Finally, the rate at which you contact new people is determined by external factors like thewaiting4raise.jpg number of people in your department or how frequently you engage with other departments or clients. If we throw some numbers we get a glimpse of the big difference. I usually go to a couple of entrepreneur meetings per month. In average I meet 2 persons of interest for my startup at each meeting. That makes 4 good contacts each month. In the software industry (my field), projects usually take between 2 to 6 months on average (even more if it’s a huge project in a big company). During that period and if you are lucky you’ll meet an average of 3 persons (which might not even be good contacts) at the client. That means that for a 6 month project you’ll only meet 3 new persons and probably only 1 or even none will be of interest to you. Check that against 15-20 interesting persons in a 6 month period by yourself (and no, you can’t go to many entrepreneur meetings if you work at a big company). Although this estimates will also go down if you keep meeting with the same persons, it’s clear which rate is better. Please, as usual, takes these numbers with caution, they are very gross estimates and there are always exceptions.

  • Working in a big company you’ll get the change to work or see really big projects that employ huge resources. This vision will help you when working on your startup.

Nobody disagrees that you acquire very interesting experiences while working for a big company. Specially if you work with large teams. The problem is that when building a startup you won’t be managing huge teams or resources, you won’t (normally) need real-time critical systems either. You won’t even deal with a lot of clients at first. So, even though it’s a plus if you have the experience, it’s not critical, as a startup is NOT a big company.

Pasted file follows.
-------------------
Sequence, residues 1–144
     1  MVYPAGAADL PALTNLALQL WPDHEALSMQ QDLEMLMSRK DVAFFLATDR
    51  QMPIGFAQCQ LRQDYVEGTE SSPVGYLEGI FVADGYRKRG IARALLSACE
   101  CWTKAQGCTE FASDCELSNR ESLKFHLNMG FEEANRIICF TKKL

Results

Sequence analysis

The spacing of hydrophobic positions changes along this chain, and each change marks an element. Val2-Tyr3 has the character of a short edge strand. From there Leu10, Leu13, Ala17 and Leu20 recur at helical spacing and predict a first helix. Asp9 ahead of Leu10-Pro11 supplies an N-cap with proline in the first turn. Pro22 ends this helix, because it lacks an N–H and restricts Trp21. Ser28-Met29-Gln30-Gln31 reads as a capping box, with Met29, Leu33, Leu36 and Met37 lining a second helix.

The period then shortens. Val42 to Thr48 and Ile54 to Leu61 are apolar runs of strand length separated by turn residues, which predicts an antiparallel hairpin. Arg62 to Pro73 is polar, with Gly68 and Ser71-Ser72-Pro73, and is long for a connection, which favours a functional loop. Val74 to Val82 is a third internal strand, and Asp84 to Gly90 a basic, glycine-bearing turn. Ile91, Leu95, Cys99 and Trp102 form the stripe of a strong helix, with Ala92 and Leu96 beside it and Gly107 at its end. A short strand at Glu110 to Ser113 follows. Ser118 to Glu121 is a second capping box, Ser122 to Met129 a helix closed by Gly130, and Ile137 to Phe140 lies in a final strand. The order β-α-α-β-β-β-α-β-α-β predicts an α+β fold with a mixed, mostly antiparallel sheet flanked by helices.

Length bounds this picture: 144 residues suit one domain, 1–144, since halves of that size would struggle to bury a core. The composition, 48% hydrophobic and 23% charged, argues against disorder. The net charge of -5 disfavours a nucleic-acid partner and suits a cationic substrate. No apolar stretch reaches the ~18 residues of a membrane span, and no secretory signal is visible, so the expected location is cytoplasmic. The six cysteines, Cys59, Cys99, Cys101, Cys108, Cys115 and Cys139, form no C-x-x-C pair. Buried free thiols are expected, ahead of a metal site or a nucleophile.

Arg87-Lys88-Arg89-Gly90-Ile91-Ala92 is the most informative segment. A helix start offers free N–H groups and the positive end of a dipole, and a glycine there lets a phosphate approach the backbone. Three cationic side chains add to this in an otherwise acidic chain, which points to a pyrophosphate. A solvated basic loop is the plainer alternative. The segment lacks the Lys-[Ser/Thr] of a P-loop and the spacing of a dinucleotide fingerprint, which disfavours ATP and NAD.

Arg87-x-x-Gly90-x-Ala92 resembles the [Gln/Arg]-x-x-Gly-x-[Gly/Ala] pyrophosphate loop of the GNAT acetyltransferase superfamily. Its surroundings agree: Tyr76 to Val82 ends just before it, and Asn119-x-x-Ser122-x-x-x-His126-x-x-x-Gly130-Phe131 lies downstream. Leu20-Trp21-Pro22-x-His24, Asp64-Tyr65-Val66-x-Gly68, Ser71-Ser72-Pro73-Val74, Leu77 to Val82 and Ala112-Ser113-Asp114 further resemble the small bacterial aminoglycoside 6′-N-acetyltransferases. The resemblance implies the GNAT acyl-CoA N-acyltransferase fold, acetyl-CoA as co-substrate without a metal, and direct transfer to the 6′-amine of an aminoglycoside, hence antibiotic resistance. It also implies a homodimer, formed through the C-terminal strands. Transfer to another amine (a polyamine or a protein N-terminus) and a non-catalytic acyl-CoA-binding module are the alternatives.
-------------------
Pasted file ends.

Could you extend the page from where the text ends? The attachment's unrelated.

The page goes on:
• Working in a big company will give you a good resume and it will be easier for you to find investors.

Good resumes are always good things. Specially if umbrella.jpgyou approach investors, your team’s resumes must be great. The problem is that many persons don’t differentiate between the team and the founders. An investor isn’t looking for a top notch programmer founder, they are looking for people with experience setting up companies, growing companies, selling companies. They are looking for people with a track record of not wasting money in useless things. They are looking for a true leader that is able to get the best out of his team. If you are also a top notch programmer then be it so. Working at a big company won’t get you more money from investors. VCs that invest on people only because they are ex-googlers or ex-yahoos are wrong and they’ll pay for it. That it’s harder to find investment if it’s your first time and you haven’t been working at a known company, true. Impossible to do it, false. Actually, most of the investments I see are to founders with not experience in big companies, just take a look at Apple, Microsoft, Google, etc.